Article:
10-year-old brain cancer survivor creates fundraising event to help others “like him”
Landon Derrick just passed the four year mark of being cancer-free. Although that may not seem like a very long time to some, for Landon, it’s almost half of his lifetime. The 10-year-old was diagnosed with brain cancer when he was just six.
Landon’s parents, Matthew and Alana Derrick, began to notice their son falling over occasionally and experiencing dizziness. They took him to the doctor and were told it could be an equilibrium imbalance. But Derrick said his wife insisted it was something more. After Landon underwent an MRI, doctors discovered a malignant tumor on his brain stem. He was quickly scheduled for surgery, but suffered significant health issues after the removal of the tumor.
“Landon was paralyzed on his left side completely after surgery. He had to go through physical therapy,” said Derrick. “It’s going to be something he’ll have to deal with the rest of his life.”
The amount of setbacks and complications Landon has gone through have been extensive. However, Landon and his family have chosen to take their negative experience and turn it into something positive.
According to Derrick, Landon loves Jeeps. Last year, coordinated efforts between the Derrick family and other supporters resulted in the first “Landon’s Jeep Jamboree.” The event was created to help raise funds for other children with pediatric brain cancer. Derrick said Jeep owners traveled from across the country to convoy from Springhill High School in Chapin to the Historic Columbia Speedway. Once the vehicles reached their destination, the Jeeps were displayed at the speedway while live music entertained the crowd, food vendors were on-hand and kid-friendly activities were offered for children. “We partnered with Curing Kids Cancer, and raised approximately $20,000,” said Derrick.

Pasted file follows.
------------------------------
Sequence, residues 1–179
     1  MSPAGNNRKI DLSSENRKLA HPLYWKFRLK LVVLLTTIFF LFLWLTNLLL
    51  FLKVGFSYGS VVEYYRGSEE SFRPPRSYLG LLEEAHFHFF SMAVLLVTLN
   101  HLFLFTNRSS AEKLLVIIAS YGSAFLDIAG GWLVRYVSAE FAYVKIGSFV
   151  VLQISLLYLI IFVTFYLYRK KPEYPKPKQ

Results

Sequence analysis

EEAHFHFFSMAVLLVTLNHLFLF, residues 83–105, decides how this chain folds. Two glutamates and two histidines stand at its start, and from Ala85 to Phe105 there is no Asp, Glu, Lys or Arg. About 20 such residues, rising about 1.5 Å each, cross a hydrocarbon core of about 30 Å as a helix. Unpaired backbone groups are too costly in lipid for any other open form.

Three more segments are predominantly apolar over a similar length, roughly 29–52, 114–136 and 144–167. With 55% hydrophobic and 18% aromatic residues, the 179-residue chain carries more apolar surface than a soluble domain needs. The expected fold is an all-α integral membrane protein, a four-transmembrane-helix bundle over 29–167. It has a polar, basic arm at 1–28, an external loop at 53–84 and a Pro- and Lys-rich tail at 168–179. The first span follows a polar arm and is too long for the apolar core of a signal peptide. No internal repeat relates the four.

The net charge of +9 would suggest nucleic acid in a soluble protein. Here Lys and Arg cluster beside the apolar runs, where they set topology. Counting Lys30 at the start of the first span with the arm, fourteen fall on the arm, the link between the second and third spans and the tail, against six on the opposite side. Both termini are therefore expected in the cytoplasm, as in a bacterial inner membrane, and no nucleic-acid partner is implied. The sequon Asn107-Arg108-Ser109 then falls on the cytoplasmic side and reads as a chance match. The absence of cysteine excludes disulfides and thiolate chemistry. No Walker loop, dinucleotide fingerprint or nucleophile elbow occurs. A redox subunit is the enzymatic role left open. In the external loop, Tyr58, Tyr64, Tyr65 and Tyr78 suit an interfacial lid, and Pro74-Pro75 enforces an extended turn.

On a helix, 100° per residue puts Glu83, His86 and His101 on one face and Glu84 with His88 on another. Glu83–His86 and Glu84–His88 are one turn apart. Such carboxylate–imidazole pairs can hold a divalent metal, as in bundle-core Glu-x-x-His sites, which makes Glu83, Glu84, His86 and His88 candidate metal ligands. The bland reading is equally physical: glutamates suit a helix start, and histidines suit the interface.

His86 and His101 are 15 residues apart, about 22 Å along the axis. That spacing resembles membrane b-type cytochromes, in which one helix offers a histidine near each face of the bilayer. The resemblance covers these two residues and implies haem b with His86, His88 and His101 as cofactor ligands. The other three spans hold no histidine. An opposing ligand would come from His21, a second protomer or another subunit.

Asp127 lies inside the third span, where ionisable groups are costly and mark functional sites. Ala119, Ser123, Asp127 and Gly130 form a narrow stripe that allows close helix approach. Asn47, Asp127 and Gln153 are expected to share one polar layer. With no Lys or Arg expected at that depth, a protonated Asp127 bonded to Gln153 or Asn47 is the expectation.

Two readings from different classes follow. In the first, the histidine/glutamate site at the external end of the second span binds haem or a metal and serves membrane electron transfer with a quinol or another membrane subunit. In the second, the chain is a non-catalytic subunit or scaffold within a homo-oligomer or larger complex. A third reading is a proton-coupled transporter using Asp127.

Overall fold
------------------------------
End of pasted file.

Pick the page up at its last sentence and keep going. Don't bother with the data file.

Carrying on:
This year, the second annual Landon’s Jeep Jamboree will be held June 22 from 1 to 9 p.m. with the same setup as last year. This year, the funds raised will be going to Landon’s Hope Foundation, which also helps support other children with brain cancer.
Derrick said his son has the desire to help other children. “Landon made it known he wanted to raise money for other kids like him,” he said.
When asked how it felt to see his son not only beat cancer, but create an event to give back to others, Derrick said, “It’s awesome. It kind of reminds me of what my wife Alana told him in the hospital. We didn’t know if he was going to make it, or ever walk again. She whispered in his ear, ‘you are meant for great things.” Derrick also said his family decided they wanted to do more for their community. “So, I think this is our way we can give back, all thanks to him.”
Anyone interested in learning more or registering their Jeep into the convoy and jamboree can visit Landonshope.org. Jeep infield parking at the Columbia Speedway will be $15 the day of the event. General admission parking is $5. Gates open at noon.